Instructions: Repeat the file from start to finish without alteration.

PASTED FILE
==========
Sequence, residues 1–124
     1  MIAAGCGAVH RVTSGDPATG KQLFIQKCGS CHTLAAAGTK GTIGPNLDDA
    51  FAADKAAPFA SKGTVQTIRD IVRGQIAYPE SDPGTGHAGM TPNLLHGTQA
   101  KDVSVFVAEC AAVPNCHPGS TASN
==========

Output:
Sequence, residues 1–124
     1  MIAAGCGAVH RVTSGDPATG KQLFIQKCGS CHTLAAAGTK GTIGPNLDDA
    51  FAADKAAPFA SKGTVQTIRD IVRGQIAYPE SDPGTGHAGM TPNLLHGTQA
   101  KDVSVFVAEC AAVPNCHPGS TASN